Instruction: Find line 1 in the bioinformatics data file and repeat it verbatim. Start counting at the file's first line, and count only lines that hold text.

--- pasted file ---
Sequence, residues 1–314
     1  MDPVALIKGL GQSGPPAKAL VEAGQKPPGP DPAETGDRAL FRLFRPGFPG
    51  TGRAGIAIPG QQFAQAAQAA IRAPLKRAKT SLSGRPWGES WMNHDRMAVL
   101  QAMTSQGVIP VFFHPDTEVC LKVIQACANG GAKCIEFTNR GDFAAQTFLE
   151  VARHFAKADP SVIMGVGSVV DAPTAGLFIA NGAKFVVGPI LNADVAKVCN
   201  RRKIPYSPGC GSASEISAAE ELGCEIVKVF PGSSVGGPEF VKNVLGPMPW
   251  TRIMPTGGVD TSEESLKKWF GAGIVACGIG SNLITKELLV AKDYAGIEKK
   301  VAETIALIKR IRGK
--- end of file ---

Sequence, residues 1–314